The best of EcoWatch, right in your inbox. Sign up for our email newsletter!
Joshua Tree National Park Will Stay Open After All
"By immediately utilizing revenue generated by recreation fees, National Park Service officials have been able to avert a temporary closure of Joshua Tree National Park that had been previously scheduled for January 10," the park said in a statement.
The park had originally said it would close temporarily in order to repair damage done to the unique desert ecosystem by unsupervised visitors who had created new roads and destroyed the protected Joshua trees. Instead, the park remained open and even restored access to campgrounds that had been closed early in the month when toilets reached capacity.
The park was able to avoid closing because of a controversial Interior Department decision to allow parks to use visitor fees to address the maintenance and safety issues that have arisen as the parks remained open to the public while a majority of their staff has been furloughed.
"National Park Service officials have determined that by using Federal Land and Recreation Enhancement funds to immediately bring back park maintenance crews to address sanitation issues, the park will be able to maintain some visitor services, including reopening the campgrounds. The park will also bring on additional staff to ensure the protection of park resources and mitigate some of the damage that has occurred during the lapse of appropriations," Joshua Tree said.
Some park advocates are concerned that tapping into visitor fees, which the Federal Land Recreation Enhancement Act earmarks for special projects like habitat restoration or new programs to enhance the visitor experience, would worsen the budget shortfall faced by many national parks. Using that money to run the parks during the shutdown could potentially impact summer hiring programs or long term projects and deep maintenance work already planned out, National Parks Traveler explained.
"Some of these projects have involved years of organization and planning, so the administration's political pressure for superintendents to use those funds is throwing all of that work in the trash," National Parks Conservation Association Director of Budget and Appropriations John Garder said.It is unclear how long parks might need to run on these fees. The shutdown will become the longest in U.S. government history if the government does not reopen by this coming Saturday, The New York Times reported. This seems unlikely, as attempts by Senate Republicans to broker a deal to reopen the government while continuing the discussion of funding for President Donald Trump's desired border wall fell apart when Trump's team indicated he would not agree. The President is considering diverting money earmarked for the U.S. Army Corps of Engineers following last year's hurricanes and wildfires to build the wall, The New York Times also reported Thursday.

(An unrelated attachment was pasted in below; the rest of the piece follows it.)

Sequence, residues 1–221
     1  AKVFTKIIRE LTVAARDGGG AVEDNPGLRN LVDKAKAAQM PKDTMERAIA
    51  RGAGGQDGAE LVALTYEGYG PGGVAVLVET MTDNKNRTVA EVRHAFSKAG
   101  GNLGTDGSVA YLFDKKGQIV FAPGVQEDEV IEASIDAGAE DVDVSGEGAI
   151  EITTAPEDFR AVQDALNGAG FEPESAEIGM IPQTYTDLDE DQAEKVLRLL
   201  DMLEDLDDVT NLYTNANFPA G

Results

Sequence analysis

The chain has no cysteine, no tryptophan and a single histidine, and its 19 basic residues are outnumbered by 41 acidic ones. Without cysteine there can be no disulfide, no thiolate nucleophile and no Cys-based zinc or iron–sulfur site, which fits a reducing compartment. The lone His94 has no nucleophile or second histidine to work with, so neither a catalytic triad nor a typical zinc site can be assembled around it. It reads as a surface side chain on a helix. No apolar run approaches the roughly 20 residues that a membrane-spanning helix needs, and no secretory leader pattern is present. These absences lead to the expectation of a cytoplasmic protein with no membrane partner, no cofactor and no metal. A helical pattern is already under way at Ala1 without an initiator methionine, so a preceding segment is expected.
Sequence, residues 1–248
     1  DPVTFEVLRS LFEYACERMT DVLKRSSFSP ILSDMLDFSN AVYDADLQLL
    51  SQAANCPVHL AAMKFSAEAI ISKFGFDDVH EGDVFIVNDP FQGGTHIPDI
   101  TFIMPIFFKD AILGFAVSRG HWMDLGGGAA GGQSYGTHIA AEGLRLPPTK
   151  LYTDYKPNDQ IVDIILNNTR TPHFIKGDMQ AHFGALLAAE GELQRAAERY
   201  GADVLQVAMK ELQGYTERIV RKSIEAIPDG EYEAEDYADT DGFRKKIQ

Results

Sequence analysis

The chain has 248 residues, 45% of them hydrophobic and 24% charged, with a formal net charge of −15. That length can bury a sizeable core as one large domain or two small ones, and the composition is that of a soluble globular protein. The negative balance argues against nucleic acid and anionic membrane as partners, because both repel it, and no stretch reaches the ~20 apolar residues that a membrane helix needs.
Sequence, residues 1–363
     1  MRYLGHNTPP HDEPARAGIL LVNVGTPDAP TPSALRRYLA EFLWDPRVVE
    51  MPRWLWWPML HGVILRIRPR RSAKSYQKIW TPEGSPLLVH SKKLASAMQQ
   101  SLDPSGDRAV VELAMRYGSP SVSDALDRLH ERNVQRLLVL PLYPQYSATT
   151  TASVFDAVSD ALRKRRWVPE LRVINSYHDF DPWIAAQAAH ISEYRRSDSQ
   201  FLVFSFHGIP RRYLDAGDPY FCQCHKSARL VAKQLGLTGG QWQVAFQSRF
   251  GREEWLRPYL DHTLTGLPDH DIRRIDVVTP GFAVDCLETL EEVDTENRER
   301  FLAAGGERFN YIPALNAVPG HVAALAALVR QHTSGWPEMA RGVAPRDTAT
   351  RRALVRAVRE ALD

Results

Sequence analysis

EcoWatch Daily Newsletter
By Alisa Opar
For Chinook salmon, the urge to return home and spawn isn't just strong — it's imperative. And for the first time in more than 65 years, at least 23 fish that migrated as juveniles from California's San Joaquin River and into the Pacific Ocean have heeded that call and returned as adults during the annual spring run.
By Jessica Corbett
Dozens of students, parents, teachers and professionals joined a Friday protest organized by Extinction Rebellion that temporarily stalled morning rush-hour traffic in London's southeasten borough of Lewisham to push politicians to more boldly address dangerous air pollution across the city.
Jose A. Bernat Bacete / Moment / Getty Images
By Bridget Shirvell
On a farm in upstate New York, a cheese brand is turning millions of pounds of food scraps into electricity needed to power its on-site businesses. Founded by eight families, each with their own dairy farms, Craigs Creamery doesn't just produce various types of cheddar, mozzarella, Swiss and Muenster cheeses, sold in chunks, slices, shreds and snack bars; they're also committed to becoming a zero-waste operation.
By Jessica A. Knoblauch
Summers in the Midwest are great for outdoor activities like growing your garden or cooling off in one of the area's many lakes and streams. But some waters aren't as clean as they should be.
That's in part because coal companies have long buried toxic waste known as coal ash near many of the Midwest's iconic waterways, including Lake Michigan. Though coal ash dumps can leak harmful chemicals like arsenic and cadmium into nearby waters, regulators have done little to address these toxic sites. As a result, the Midwest is now littered with coal ash dumps, with Illinois containing the most leaking sites in the country.
By Ketura Persellin
You've likely heard that eating meat and poultry isn't good for your health or the planet. Recent news from Washington may make meat even less palatable: Pork inspections may be taken over by the industry itself, if a Trump administration proposal goes into effect, putting tests for deadly pathogens into the hands of the industry.